As with CD-R, DVD-R/DVD+R (DVDR) uses an organic dye polymer that reacts to around 10 milli-watts recording power. Because DVDR holds around 7 times CD-R capacity the laser wavelength is shorter (650nm red against 780nm infrared) and the DVDR recording lens has a nominal aperture of 0.6 against CD-R of 0.5. These two factors combine through the higly focused red laser beam to produce opaque burned marks as small as 0.44um as compared with 0.83um on CD-R.
The dye polymer is coated onto an optically clear polycarbonate substrate that has a microscopic groove (known as the pre-groove), 650nm deep, formed as a spiral track across the surface. Behind that a thin layer of reflective metal is sprayed and then optically clear protective layers are applied to form the disk that we see.
For recording, the tightly focused (on the pre-groove) laser beam heats the dye polymer, permanently altering its state (to opaqueness) such that microscopic marks are formed in the pre-groove, the length of which depending on the time during which the laser was turned on. These marks correspond with the raised portions of a pressed DVD and are thus non-reflective or insufficiently reflective (provided that laser burning power was adequate) to register upon reading.
For reading, the areas between marks, not being opaque, are reflective when a tightly focused laser beam of much lower power at 650nm wavelength is sent to the pre-groove.
Data is then streamed by noting the transition from reflective to non-reflective and the length of time to the next transition. A digital-to-analogue decoder then converts this 0/1 stream to data as we know it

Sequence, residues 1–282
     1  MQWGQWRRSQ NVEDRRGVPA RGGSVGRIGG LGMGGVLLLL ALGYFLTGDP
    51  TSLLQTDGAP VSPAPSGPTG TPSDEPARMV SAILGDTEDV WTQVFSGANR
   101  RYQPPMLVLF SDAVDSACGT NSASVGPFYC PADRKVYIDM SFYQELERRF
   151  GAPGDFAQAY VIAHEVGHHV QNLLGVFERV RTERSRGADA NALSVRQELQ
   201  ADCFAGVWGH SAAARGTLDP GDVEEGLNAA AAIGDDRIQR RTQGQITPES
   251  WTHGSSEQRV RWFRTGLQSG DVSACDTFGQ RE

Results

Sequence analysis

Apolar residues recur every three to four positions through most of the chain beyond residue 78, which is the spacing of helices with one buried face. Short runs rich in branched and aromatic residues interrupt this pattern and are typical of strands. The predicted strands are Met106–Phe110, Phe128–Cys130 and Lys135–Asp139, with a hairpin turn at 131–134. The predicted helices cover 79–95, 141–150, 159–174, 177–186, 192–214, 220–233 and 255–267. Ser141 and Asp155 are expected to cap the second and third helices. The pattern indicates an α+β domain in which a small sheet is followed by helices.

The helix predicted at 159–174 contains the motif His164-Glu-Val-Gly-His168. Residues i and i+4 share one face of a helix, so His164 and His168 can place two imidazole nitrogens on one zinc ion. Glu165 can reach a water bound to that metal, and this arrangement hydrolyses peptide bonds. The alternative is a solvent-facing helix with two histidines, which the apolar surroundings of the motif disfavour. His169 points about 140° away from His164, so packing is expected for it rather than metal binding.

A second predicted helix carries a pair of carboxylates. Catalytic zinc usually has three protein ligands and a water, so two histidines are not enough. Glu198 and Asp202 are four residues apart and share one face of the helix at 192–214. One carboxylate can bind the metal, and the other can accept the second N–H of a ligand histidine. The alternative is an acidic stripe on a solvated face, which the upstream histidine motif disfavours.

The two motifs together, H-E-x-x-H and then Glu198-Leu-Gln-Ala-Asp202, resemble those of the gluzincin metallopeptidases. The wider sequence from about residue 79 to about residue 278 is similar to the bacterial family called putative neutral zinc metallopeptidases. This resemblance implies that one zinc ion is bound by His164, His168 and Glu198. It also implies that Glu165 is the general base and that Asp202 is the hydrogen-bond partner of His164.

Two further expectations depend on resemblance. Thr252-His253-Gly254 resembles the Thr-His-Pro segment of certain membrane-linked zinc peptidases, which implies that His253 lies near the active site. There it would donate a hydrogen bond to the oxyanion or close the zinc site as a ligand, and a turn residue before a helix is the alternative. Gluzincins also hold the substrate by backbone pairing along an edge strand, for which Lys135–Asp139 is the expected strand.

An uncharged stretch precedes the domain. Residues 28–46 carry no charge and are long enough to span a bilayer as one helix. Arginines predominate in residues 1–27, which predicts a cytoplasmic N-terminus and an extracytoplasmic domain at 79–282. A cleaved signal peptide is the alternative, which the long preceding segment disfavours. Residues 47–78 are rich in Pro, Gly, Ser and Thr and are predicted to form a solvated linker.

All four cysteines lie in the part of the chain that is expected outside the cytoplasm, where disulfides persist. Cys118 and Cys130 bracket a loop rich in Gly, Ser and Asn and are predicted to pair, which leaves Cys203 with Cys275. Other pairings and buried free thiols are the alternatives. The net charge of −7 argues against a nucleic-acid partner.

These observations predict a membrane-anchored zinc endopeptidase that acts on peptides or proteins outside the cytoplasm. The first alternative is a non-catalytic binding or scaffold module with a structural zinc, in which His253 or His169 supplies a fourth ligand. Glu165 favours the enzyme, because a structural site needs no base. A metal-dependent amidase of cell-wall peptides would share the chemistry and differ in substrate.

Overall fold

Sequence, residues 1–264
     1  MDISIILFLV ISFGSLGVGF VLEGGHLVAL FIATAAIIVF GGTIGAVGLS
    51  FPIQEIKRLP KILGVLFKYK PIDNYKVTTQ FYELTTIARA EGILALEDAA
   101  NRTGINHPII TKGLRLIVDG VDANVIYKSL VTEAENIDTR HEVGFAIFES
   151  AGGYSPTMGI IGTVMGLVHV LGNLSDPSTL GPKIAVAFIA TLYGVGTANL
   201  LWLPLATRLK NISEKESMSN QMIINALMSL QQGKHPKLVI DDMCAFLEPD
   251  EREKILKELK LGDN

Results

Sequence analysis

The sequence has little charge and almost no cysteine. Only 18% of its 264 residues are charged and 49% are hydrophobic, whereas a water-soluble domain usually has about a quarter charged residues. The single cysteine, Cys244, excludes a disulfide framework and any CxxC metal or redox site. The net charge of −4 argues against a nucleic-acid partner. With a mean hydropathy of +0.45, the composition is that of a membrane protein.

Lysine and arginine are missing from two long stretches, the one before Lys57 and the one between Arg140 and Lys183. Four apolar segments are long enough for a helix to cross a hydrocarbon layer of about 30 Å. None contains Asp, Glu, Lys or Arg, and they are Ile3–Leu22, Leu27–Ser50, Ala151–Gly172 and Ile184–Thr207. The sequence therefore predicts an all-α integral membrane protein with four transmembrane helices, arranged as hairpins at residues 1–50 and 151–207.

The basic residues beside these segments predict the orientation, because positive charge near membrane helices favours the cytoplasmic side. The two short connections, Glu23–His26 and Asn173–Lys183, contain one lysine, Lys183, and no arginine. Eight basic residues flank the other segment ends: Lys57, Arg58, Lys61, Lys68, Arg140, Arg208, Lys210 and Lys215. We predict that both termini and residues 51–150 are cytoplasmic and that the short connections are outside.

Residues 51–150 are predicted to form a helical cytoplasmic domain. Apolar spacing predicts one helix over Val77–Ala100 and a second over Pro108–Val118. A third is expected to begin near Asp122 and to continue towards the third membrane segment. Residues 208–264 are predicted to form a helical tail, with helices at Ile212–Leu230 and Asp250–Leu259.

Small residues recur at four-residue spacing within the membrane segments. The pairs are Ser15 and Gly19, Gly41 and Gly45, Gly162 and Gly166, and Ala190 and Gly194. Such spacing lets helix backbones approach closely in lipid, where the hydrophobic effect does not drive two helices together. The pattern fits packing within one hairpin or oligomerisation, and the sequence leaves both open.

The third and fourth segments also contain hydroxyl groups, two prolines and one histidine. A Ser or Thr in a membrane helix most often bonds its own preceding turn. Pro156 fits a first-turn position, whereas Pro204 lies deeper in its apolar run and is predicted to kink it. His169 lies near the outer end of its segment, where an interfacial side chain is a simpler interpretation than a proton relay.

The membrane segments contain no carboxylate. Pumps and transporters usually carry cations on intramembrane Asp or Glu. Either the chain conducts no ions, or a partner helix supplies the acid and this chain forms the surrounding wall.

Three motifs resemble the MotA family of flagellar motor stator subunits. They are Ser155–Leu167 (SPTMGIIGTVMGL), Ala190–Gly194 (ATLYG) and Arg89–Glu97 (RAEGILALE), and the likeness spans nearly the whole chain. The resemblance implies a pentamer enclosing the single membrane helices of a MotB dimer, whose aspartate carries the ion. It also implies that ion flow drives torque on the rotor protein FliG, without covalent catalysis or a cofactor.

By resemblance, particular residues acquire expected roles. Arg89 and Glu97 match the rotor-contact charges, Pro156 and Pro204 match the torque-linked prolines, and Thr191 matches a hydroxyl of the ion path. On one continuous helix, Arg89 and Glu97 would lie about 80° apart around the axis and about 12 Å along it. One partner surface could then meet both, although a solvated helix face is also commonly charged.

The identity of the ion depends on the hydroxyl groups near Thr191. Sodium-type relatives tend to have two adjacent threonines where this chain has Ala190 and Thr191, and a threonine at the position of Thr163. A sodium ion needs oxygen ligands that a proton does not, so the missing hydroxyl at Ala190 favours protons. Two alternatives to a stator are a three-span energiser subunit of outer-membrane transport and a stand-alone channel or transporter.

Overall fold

So the critical factors that enable a DVDR to be accurately read (assuming a clean lens) are:
a Sufficient power to burn opaque marks
b Sufficient precision to burn marks of the correct length and with sharp edges
c Good quality dye polymer to enable the above characteristics to apply
d Sufficient precision in the reader to correctly stream what was correctly written
e Sufficient power in the DVDR read laser to meet the reflectivity characteristics of the DVDR
The relevant ECMA standards require the read laser to accommodate reflectivity in the range 45% to 85%. If the media doesn't make it into this range, then there s no guarantee that the DVDR will be readable. Reflectivity is a function of the metallic layer and the optical clarity of the protective layers.
This format sort of "came first" governed by the formal standard ECMA 279 (http://www.ecma.ch/ecma1/stand/Ecma-279.htm). All DVD-ROM drives are supposed to be able to handle DVD-Rs burned to this standard and thus within the correct reflectivity range. Sony would calibrate their lasers to work within the 45% to 85% range. DVD-R can burn at a maximum of 2x.
Without going into too much detail, DVD-R uses pre-set sector address information that synchronises at write time. This is the reason why burning speed is constrained to 2x because this has to be read and synchronised.
This is a competing standard backed by Philips, HP, Sony, Yamaha and Ricoh. The essence of DVD+R is its first incarnation as DVD+RW (ECMA 274 http://www.ecma.ch/ecma1/stand/Ecma-274.htm). DVD+RW uses a wobbled groove the count of which replaces the DVD-RW sector address synchronisation during the burn process. DVD+R is the write-once version, also with a polymer dye so that the burned result is narly identical with DVD-R. The "nearly" term reflects the fact that newer read laser mechanisms are more accurate and can resolve the small differences between DVD-R and DVD+R arising from the fact that DVD+R can be burned at 2.4x because of the wobbled groove.
This means that DVD+R can theoretically be read on any PS2 with a good quality/condition laser, such as the v5 and it has been reported as successful on a v3 - though not many v3s these days have new condition lasers!
As ever, this information is provided at your own risk to use.